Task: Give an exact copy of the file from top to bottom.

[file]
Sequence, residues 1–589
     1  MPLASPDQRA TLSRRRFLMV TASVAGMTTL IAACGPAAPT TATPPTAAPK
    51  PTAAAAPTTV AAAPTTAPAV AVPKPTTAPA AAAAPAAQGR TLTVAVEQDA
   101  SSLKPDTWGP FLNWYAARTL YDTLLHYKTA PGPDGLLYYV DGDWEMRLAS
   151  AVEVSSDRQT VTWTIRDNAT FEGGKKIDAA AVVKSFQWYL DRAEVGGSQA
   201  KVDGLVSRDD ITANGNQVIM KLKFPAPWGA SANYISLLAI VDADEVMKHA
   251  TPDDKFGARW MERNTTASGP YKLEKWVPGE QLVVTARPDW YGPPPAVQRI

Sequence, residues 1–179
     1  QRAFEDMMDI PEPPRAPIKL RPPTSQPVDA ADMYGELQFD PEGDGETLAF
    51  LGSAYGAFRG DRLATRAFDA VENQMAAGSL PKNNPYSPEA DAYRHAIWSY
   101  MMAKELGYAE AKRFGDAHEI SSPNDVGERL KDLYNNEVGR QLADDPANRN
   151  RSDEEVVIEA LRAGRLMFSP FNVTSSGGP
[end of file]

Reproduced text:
Sequence, residues 1–589
     1  MPLASPDQRA TLSRRRFLMV TASVAGMTTL IAACGPAAPT TATPPTAAPK
    51  PTAAAAPTTV AAAPTTAPAV AVPKPTTAPA AAAAPAAQGR TLTVAVEQDA
   101  SSLKPDTWGP FLNWYAARTL YDTLLHYKTA PGPDGLLYYV DGDWEMRLAS
   151  AVEVSSDRQT VTWTIRDNAT FEGGKKIDAA AVVKSFQWYL DRAEVGGSQA
   201  KVDGLVSRDD ITANGNQVIM KLKFPAPWGA SANYISLLAI VDADEVMKHA
   251  TPDDKFGARW MERNTTASGP YKLEKWVPGE QLVVTARPDW YGPPPAVQRI

Sequence, residues 1–179
     1  QRAFEDMMDI PEPPRAPIKL RPPTSQPVDA ADMYGELQFD PEGDGETLAF
    51  LGSAYGAFRG DRLATRAFDA VENQMAAGSL PKNNPYSPEA DAYRHAIWSY
   101  MMAKELGYAE AKRFGDAHEI SSPNDVGERL KDLYNNEVGR QLADDPANRN
   151  RSDEEVVIEA LRAGRLMFSP FNVTSSGGP